If your appendix becomes infected, it puts you in grave danger. In as few as 48 hours after the appearance of the first symptoms, your infected appendix could rupture and cause a life-threatening infection in your abdomen called peritonitis. Knowing the warning signs can help you get the care you need before this happens.
Appendicitis causes belly pain, but so do several other conditions. One of the classic characteristics of appendicitis-related pain is that it tends to move. Often, appendicitis pain starts near your belly button and then travels to the lower right side and becomes more intense.
Important note for pregnant women: if you get appendicitis during your pregnancy, you may feel the pain in the upper, not lower, right side, since the growing fetus may shift the position of your organs.
Nausea and vomiting can be signs of flu, stress, food poisoning, or any of several other stomach issues, but if you experience these symptoms in conjunction with the severe abdominal pain described above, it’s a good indicator that your appendix is infected.
No one feels much like eating a big meal when they’re dealing with pain and nausea, so again, this symptom may point to a variety of conditions. However, the presence of traveling pain, nausea, vomiting, and loss of appetite together often points to appendicitis.
Fever is your body’s way of fighting off infection, so a low-grade temperature — 99℉-100.5℉ — can be an early warning sign of appendicitis. If your appendix bursts, your fever will increase, as will your pain and other symptoms.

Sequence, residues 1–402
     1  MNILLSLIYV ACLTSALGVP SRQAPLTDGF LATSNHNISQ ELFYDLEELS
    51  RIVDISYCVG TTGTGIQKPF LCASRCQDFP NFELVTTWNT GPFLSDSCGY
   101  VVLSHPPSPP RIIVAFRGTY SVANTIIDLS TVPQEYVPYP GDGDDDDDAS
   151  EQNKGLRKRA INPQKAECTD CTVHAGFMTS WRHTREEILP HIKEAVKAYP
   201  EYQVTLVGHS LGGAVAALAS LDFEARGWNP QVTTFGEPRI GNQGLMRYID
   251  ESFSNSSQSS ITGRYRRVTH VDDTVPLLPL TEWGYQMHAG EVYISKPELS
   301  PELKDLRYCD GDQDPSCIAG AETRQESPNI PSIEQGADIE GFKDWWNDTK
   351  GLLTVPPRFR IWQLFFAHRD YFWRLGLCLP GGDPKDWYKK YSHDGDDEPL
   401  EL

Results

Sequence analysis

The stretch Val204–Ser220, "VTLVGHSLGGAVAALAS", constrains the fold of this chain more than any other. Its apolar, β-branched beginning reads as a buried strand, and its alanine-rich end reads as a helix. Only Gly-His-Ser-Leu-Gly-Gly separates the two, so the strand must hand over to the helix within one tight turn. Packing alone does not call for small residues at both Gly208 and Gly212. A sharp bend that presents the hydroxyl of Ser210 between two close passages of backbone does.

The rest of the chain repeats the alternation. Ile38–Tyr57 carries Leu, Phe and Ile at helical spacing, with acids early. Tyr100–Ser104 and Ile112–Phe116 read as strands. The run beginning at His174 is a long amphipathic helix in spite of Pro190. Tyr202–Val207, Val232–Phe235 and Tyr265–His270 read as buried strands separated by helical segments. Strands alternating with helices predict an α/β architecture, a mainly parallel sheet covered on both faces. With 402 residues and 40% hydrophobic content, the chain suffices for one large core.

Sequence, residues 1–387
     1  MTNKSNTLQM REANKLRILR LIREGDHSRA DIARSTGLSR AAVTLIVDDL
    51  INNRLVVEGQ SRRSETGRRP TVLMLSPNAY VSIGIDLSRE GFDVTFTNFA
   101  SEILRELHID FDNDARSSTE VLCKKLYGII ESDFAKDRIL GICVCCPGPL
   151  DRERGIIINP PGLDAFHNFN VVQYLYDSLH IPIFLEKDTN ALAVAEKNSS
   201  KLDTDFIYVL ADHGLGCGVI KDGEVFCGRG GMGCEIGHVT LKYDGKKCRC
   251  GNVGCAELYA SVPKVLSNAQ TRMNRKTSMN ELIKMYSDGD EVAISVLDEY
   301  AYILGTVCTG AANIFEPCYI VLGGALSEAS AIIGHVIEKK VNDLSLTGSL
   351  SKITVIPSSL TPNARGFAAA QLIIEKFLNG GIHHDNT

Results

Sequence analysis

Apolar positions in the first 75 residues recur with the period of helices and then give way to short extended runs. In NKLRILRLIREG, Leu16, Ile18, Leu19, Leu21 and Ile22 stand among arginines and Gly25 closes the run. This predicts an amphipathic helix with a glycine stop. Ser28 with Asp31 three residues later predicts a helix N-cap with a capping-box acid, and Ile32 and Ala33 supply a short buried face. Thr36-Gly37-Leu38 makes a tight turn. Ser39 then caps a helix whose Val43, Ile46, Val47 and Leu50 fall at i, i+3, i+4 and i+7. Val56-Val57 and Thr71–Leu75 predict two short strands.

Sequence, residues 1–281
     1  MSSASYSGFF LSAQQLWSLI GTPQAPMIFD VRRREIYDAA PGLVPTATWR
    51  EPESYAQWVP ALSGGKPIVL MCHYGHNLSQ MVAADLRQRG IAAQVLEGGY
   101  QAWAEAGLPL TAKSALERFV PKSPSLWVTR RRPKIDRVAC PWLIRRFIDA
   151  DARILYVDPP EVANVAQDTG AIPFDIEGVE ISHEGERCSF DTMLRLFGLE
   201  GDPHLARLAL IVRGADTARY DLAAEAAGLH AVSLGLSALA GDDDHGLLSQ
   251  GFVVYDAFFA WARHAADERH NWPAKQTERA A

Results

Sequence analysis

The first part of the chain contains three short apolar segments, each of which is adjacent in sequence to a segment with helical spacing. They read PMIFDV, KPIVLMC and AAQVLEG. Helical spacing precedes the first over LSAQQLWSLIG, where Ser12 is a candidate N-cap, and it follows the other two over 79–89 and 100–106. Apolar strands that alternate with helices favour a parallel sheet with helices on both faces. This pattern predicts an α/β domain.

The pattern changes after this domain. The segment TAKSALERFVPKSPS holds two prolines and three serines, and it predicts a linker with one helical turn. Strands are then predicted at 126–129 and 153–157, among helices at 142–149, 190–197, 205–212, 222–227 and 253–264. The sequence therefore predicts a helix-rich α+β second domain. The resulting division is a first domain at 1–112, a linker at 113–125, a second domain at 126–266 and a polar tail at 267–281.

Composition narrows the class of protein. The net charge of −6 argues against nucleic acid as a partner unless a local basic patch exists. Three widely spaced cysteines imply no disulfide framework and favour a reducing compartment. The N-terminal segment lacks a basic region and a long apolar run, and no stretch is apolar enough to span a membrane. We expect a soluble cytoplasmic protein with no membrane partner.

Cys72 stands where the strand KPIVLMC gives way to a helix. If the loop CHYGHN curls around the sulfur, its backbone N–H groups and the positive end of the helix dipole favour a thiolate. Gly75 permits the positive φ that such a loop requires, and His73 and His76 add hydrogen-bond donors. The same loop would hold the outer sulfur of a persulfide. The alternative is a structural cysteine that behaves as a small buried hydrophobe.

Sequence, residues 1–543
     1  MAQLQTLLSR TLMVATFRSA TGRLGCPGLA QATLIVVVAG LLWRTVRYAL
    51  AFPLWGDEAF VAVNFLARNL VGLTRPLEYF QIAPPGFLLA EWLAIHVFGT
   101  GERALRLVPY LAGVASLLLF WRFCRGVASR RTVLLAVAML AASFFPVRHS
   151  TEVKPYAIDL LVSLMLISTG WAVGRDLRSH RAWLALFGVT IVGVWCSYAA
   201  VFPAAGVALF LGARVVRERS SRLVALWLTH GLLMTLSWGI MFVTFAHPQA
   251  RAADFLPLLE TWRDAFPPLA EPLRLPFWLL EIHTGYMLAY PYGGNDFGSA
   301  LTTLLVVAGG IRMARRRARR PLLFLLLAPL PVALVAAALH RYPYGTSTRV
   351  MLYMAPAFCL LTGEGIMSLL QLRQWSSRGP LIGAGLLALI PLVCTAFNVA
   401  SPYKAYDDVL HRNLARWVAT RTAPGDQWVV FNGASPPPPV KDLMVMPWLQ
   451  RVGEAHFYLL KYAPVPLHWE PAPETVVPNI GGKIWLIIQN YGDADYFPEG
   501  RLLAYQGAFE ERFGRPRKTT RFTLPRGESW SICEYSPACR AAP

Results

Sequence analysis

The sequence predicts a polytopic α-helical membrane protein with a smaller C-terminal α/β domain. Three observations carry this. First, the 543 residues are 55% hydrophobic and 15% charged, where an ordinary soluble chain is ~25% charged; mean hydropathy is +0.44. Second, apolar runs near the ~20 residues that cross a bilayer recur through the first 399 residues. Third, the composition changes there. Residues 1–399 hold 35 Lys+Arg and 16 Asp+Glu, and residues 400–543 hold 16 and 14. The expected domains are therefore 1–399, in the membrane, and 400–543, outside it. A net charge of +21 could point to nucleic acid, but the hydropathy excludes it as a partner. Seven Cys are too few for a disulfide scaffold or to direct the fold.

If you need to have your appendix removed, Dr. Farrow may recommend either open or laparoscopic surgery.
Whenever possible, Dr. Farrow performs a minimally invasive laparoscopic procedure. He makes a tiny incision in your abdomen so he can insert a long narrow tube with a camera at the tip to display an image of your inner abdomen on a monitor. Through another small incision, he inserts a surgical instrument to remove your infected appendix.
Laparoscopic appendectomies are faster, less painful, and have shorter recovery times than open surgery.
If your infection has spread throughout your abdominal cavity, or your appendix has burst, Dr. Farrow may need to perform an open appendectomy. The incision for this procedure is a bit longer — about 2-4 inches — which means it’ll take you a little longer to heal, and you may feel more post-surgical pain.
What to do if you have symptoms of appendicitis
If you experience any or all of the symptoms of appendicitis, it’s critical that you see Dr. Farrow right away. If your pain is severe and your fever exceeds 101℉, go straight to the emergency room or call 911.
Appendicitis is fairly common, affecting about 1 in 20 people in the United States every year. Appendectomies are also common. In fact, according to the World Journal of Gastroenterology, appendectomies exceed the number of appendicitis cases, because some physicians remove the appendix as a preventive measure.
Dr. Farrow has extensive experience and expertise in this area, and is one of the most respected and renowned surgeons in the country. If you need an appendectomy, you’re in good hands at Buckminster Farrow, MD.
To schedule an appointment, call us at either our Houston or Katy location, or book a visit using our online scheduling tool.